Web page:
Created by public school teachers, Marc Affeld and Joe Burima, these short podcasts cover a variety of topics, particularly ones that support post-World War II Canadian history.

  1.   Canada’s History magazine website lists several podcasts from discussions on the Cold War to features on “History Idols”, episodes that highlight important people who have made positive contributions to the country such as Agnes Macphail, John Rae, and Sir Arthur Currie, among many others.
  1. Canadian History Ehx, hosted by Craig Bard, is a rich resource with hundreds of podcasts in different key categories such as indigenous history, small town histories, elections per year (From John to Justin), and Canadian battles like Canada in World War I.

 It also features a series called “Canada Year-by-Year” that looks at every year from Canadian history from the Confederation in 1867 up to the present.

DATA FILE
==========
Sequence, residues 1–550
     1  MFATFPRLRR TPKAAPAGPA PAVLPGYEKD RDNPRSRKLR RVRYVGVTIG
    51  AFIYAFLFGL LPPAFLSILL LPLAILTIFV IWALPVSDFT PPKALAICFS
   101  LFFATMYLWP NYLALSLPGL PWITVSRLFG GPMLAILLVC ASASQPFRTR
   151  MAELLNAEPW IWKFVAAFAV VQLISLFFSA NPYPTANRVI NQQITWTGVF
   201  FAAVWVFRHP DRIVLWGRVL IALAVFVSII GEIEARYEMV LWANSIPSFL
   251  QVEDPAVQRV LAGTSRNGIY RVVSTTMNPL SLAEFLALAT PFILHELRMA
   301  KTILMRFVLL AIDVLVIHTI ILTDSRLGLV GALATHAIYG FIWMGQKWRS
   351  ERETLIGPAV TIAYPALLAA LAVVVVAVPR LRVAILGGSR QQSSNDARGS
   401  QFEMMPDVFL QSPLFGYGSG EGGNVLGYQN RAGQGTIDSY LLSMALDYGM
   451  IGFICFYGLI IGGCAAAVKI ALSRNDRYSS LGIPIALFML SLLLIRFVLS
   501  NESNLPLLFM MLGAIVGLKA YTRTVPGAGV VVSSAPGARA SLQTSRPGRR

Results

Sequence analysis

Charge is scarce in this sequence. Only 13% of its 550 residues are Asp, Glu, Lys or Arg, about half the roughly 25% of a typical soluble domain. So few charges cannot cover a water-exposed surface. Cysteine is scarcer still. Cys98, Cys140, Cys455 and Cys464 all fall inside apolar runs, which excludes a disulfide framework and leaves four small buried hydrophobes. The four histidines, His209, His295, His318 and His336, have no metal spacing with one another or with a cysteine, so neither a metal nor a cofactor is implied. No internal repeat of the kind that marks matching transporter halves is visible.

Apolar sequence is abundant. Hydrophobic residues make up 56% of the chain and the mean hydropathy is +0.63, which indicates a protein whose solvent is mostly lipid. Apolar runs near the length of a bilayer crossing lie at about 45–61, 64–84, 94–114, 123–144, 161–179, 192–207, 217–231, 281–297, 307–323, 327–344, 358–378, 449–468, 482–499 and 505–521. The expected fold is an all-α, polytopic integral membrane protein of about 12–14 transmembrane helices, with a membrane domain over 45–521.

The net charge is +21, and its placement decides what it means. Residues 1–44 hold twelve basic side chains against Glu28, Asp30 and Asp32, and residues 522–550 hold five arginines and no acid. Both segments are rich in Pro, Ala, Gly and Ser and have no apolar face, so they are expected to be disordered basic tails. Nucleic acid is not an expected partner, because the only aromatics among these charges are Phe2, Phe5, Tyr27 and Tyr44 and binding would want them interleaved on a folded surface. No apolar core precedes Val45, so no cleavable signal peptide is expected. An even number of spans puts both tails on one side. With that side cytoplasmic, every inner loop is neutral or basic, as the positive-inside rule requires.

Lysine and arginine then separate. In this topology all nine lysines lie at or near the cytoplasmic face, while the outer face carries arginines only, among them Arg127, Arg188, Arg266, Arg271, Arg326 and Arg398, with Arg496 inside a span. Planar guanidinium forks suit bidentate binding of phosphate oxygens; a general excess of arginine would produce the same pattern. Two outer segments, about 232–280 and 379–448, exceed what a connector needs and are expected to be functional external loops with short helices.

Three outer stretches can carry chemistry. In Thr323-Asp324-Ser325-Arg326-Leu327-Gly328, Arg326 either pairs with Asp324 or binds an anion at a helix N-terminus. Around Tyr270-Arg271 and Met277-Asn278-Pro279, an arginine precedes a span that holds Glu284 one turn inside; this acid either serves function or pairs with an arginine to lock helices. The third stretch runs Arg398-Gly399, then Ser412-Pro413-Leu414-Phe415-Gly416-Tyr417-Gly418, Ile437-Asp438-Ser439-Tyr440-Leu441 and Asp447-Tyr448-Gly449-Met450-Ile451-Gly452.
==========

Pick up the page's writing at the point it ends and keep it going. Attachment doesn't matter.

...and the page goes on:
1. Notice History produced by Know History Canada shows podcasts on how we come across and engage with history in our everyday lives. In its two-season collection, we can find out more about interesting topics such as the history of Canadian Thanksgiving and the national anthem, “O Canada”.

In addition, it highlights the country’s most important historic sites, landmarks, and museums in the Summer Road Trip series where listeners are taken on a virtual cross-Canada tour.   

  1.   Check out Cool Canadian History for a collection of random history podcasts that showcase “everything and anything cool about Canada’s history”. There is, indeed, a podcast for everyone on this site, as their tagline goes.

We hope this list helps narrow down your search for free history podcasts in a sea of resources available online. Because listening is only part of learning, we have also added social studies classes that can help your learner extend their knowledge and engage with the content they are listening to. 

Have fun listening and check out our social studies classes!

Northern Lights Academy Team